I’ve mentioned on this site that I experiment with programming dreams to answer questions; I’ve created my own methods, based on my understanding of Remote Viewing theory. I’ve had some success, so a friend of mine asked me to advise on good questions to pose to dreams when looking for career guidance, something along the lines of “what job am I going to have next?” Continue reading
I recently happened upon an interesting piece by Dr. Charles T. Tart over at the University of California. The article discusses the fear of ESP, but— ESP aside— contains remarkable insight into human nature.
In it, he discusses an interesting psychological theory called “social masking”. He explains it like this:
Briefly, the social masking theory recognizes the fact that our implicit social contract often calls for not really understanding other people.
It is as if we had contracted,
“I’ll support your illusions if you’ll support mine.”
By “illusions” I mean the incorrect perception of our true motivations and feelings because we attend to a more acceptable fantasy in order to avoid seeing unacceptable aspects of our true self.
Persons might consciously believe, for example, that they are sympathetic listeners, when they are actually driven by an unconscious, unacceptable fear of feeling inferior and being rejected: Thus identifying with the myth or illusion of being a sympathetic listener simultaneously avoids the unpleasant feelings of fear of rejection and subtly obligates others to accept the person because he or she acts like a sympathetic listener.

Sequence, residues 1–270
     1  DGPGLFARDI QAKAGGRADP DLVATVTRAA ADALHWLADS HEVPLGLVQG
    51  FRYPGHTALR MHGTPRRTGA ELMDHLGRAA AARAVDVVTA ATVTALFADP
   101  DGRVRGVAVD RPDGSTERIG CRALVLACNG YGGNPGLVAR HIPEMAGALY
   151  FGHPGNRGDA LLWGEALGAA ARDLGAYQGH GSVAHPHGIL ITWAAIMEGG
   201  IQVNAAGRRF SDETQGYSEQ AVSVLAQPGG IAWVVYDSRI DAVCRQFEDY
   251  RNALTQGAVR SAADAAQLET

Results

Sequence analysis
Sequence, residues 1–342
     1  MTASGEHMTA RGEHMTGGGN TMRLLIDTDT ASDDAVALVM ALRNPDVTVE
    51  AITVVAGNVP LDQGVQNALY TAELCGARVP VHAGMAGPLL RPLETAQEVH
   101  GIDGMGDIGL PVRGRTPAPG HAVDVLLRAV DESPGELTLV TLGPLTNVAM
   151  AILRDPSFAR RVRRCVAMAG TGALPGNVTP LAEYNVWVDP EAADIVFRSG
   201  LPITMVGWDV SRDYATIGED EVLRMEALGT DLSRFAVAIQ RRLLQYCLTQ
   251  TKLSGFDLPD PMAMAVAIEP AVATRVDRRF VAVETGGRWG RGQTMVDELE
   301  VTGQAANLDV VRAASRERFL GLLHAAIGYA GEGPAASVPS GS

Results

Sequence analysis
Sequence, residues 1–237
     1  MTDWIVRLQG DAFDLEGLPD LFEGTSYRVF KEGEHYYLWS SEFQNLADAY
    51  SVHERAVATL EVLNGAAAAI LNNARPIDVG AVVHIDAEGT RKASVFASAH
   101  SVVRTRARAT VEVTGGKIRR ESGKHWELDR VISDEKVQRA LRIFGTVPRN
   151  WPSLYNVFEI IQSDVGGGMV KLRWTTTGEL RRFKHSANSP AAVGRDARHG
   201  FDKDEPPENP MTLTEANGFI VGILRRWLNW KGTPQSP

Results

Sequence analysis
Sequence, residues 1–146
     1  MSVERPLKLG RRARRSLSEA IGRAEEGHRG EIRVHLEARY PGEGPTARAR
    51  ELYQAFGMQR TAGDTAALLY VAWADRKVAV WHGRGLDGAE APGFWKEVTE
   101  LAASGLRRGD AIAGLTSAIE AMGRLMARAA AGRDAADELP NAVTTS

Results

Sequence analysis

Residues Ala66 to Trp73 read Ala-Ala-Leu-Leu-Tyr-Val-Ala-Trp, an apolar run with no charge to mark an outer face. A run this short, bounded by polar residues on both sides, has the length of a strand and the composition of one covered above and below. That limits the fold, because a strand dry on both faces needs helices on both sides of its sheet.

I stumbled upon a couple of comments in a recent article at the Washington Times that brilliantly illustrates a vital concept:
Righteous smugness is such a nice feeling. No seriously. Who hasn’t enjoyed that feeling when witnessing someone else’s seeming incompetence? When your order gets botched, how eager are you to disparage the first customer service rep. who gets to handle your issue?
But those feelings end up biting us back.
“The resistance to any new idea is proportional to the square of its importance.” —Bertrand Russell
How do you feel about your trash when you remove it from your house? Would you say you discard it, or reject it? Clearly you discard it. Rejecting your trash sounds a little too emphatic!
What about beliefs/values/attitudes/sensibilities/mindsets? For the ones that don’t line up with your values, do you discard them? Or reject them? Continue reading
Take ‘your thoughts create your reality’ for example. For the Absolutist in me, one counterexample will nullify that claim. It’s easy, we’ve all got plenty of examples in our lives. This morning I was certain there’d be no clean plastic cups… lo and behold, there were. And how come Mick Jagger didn’t die before he got old? Continue reading
Mirror neurons in the brain fire both when taking a specified action and perceiving the action.
Repeatedly watching distressing images can cause acute stress symptoms. Continue reading
I’ll cop to the link-bait headline, but it is not without merit.
The simplicity of the term positive thinking belies the depth and complexity of the topic. It causes misunderstandings from people on both sides of the matter, and the misunderstanding can be summed up as: don’t be negative. I suspect this misunderstanding is at least in part the result of people who are afraid of negative emotions co-opting ‘positive thinking’ in order to shame others for any negativity. Continue reading
“Calm seas don’t make good sailors.”
“Strength does not come from winning. Your struggles develop your strengths. When you go through hardships and decide not to surrender, that is strength.”
“Do not pray for easy lives. Pray to be stronger men.”
—John F. Kennedy
What a frail species we are. Without others, how long would you last? And I don’t mean without friends or family, I mean Alone. Continue reading